"With all due respect, that's a bunch of malarkey." -- Vice President Joseph Biden
Last night's vice presidential debate was a war compared to the first presidential debate of the 2012 election season. More daggers were thrown between Vice President Joe Biden and Republican vice presidential nominee Paul Ryan last night than during the debate between the presidential candidates, yet the best sound bite uttered in either debate belongs to Mitt Romney for attacking PBS and Big Bird.
The talk dominating the media airwaves over the last week was Big Bird-centric. My kids loved it. Suddenly they had a stake in politics! But was it good for the election? Was it good for our country? My wife made a salient point the other day when she said, "Imagine what people from other countries must think when they read our election news and all they see are stories about a big, yellow, fake bird."
Our country has lost some of the luster from its external image of the democratic process. Our democratic street-cred is suffering. And I've always felt like Europe, in particular, considers Americans lazy, fat, shallow and unable to focus on the real issues. Is this campaign proving those suspicions wrong? Between the mud-slinging advertisements and the sheer lack of a plan from both candidates to address the issues that plague our country, I'd say no.
Perhaps the most poignant sound bite from last night's debate came from the moderator, Martha Raddatz?
"I recently spoke to a highly decorated soldier who said that this presidential campaign has left him dismayed. He told me, "The ads are so negative and they are all tearing down each other rather than building up the country." What would you say to that American hero about this campaign, and at the end of the day are you ever embarrassed by the tone?"
Did the candidates on stage address her question? They most certainly did, but not without attacking their opponent. Biden led off with a meandering answer, but eventually spit out what Raddatz and the audience was looking for when he said:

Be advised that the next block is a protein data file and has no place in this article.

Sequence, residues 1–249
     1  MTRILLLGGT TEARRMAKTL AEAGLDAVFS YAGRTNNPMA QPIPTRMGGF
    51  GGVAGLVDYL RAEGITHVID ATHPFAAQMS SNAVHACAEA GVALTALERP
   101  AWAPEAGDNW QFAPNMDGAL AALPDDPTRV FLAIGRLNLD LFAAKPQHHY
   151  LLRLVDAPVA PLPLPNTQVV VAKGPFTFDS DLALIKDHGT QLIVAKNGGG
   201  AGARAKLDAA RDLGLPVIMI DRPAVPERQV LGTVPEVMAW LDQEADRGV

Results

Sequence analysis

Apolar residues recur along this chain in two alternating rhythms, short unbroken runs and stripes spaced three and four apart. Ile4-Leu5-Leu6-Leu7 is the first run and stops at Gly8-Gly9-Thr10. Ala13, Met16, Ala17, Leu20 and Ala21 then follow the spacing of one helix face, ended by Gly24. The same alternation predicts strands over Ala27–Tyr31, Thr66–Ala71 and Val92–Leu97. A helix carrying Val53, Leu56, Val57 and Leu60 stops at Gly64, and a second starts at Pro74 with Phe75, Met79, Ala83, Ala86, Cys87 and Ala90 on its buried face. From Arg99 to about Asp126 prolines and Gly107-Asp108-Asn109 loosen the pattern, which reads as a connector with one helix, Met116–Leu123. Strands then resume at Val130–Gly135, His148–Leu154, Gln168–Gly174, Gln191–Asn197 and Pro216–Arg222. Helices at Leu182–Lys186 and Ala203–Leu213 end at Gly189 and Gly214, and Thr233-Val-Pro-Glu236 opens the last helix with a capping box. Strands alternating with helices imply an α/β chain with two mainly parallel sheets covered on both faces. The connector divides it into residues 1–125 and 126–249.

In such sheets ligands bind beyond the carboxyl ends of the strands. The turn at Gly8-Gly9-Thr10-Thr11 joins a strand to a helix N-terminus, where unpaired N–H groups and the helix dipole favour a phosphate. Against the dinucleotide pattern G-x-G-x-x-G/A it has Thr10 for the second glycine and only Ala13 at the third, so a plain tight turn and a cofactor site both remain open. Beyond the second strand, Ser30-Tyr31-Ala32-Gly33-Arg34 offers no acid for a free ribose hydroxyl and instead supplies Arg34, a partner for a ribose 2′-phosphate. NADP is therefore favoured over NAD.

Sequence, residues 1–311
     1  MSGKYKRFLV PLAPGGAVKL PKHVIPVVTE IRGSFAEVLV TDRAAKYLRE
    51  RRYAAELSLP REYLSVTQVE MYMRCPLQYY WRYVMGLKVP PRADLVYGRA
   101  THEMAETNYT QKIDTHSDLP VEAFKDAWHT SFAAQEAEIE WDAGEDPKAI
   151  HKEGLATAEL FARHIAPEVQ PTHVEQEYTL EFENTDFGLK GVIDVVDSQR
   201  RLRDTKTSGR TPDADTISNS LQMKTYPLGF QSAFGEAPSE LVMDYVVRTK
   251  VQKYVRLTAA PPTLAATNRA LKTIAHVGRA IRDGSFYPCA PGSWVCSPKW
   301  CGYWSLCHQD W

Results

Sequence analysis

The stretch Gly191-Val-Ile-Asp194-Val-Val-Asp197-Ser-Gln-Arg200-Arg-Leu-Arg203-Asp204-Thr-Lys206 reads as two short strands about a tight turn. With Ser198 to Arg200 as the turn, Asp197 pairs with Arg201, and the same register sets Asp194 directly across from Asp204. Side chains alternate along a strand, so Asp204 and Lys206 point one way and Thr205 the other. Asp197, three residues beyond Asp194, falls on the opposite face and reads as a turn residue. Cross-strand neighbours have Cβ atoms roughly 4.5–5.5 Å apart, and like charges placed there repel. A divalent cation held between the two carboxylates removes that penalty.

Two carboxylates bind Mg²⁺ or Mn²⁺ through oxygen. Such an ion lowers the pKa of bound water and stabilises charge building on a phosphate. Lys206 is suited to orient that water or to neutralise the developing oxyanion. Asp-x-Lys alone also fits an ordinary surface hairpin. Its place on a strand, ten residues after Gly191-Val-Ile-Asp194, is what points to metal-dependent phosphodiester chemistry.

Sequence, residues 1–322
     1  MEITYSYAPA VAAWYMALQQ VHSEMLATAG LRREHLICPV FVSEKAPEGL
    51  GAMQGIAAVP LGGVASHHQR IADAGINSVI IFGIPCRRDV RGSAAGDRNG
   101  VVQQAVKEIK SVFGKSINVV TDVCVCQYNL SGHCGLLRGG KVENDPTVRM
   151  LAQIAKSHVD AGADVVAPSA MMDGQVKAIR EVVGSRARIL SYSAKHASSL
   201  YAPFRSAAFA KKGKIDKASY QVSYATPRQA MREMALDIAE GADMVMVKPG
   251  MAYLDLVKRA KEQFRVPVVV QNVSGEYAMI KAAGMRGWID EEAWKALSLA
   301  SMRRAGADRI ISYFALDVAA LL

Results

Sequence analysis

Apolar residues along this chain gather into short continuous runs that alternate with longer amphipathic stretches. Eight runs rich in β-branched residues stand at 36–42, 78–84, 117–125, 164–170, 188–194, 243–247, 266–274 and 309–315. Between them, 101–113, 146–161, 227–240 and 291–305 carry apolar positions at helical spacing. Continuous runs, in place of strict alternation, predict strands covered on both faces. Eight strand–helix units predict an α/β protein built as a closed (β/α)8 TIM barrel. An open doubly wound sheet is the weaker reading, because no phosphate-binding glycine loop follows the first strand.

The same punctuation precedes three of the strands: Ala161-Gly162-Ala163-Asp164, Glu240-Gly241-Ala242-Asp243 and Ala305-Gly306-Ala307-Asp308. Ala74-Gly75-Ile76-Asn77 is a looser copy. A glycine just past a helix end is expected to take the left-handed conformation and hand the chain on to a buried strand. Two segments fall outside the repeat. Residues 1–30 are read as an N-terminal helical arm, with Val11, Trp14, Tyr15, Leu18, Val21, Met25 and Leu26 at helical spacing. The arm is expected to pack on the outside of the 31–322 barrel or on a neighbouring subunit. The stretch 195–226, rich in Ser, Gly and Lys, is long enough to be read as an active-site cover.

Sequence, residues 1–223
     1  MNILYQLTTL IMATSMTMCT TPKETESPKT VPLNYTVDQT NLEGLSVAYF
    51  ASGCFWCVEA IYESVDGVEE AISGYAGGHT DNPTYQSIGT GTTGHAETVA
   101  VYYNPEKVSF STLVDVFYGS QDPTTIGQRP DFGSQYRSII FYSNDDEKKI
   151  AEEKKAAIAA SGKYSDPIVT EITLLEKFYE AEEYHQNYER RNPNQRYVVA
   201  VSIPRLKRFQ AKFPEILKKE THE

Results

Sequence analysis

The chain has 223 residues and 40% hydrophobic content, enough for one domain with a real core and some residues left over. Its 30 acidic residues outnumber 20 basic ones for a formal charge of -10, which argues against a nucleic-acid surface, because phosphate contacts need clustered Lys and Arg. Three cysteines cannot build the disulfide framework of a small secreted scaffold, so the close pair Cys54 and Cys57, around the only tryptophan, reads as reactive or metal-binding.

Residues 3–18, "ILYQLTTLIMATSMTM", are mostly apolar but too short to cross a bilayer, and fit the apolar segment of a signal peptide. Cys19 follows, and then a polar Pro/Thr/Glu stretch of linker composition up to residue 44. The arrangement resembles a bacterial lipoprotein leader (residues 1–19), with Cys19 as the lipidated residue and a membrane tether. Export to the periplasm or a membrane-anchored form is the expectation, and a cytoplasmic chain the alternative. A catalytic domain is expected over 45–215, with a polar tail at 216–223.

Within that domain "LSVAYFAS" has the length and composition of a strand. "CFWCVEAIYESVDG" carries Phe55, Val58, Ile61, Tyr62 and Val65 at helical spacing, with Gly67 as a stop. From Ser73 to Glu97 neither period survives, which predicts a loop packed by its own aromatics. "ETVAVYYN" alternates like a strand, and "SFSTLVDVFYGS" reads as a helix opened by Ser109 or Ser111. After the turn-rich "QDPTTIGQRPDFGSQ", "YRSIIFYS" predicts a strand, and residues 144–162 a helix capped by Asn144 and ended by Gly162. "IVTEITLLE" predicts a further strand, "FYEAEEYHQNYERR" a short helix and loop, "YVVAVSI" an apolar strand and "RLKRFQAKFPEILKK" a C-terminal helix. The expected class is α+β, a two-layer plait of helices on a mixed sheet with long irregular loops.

I would also tell him that there are things that have occurred in this campaign, and incur in every campaign, that I'm sure both of us regret anyone having said, particularly in these... these... these special, new groups that can go out there, raise all the money they want, not have to identify themselves and say the most scurrilous things about the other candidate. It's an abomination.
His debate friend, Ryan, did not do much better in terms of providing Raddatz and the viewers with a sense that he truly heard the question and cared to answer it, when he said:
"You have a president, who ran for president four years ago promising hope and change, who has now turned his campaign into attack, blame and defame."
Both answers seem heartless to me. Add to that the fact that both parties' message to the current struggles of the middle class, but without any concrete solutions and the result is the type of finger-pointing we see our children do on the playground -- an instant turn-off for the adults in this country and to those who view our politics from abroad. Where is the strength and conviction we saw from Obama's camp four years ago? And what happened to Mitt Romney's compassion for others? Did he ever have any?
The 2012 election debates have proven something else; Americans are more fascinated with ridiculous sound bites than sound bites with substance -- witness the Big Bird phenomenon. Biden tried his best during the debate with Ryan to drop a sound bite that would dominate this week's media coverage, but regurgitated an iconic sound bite from a debate in 1988 between then-Democratic vice-presidential candidate Lloyd Bentsen and Republican vice presidential candidate Dan Quayle when Bentsen said: "Senator, you're no Jack Kennedy."
Biden's version?"Oh, now you're Jack Kennedy."
America's response to that sound bite should be, "Oh Joe, you're no Lloyd Bentsen."
Next Tuesday's debate between President Obama and Romney will hopefully fill the missing substance gap and provide us with sound bites with substance that can help all of the voting public make an educated decision.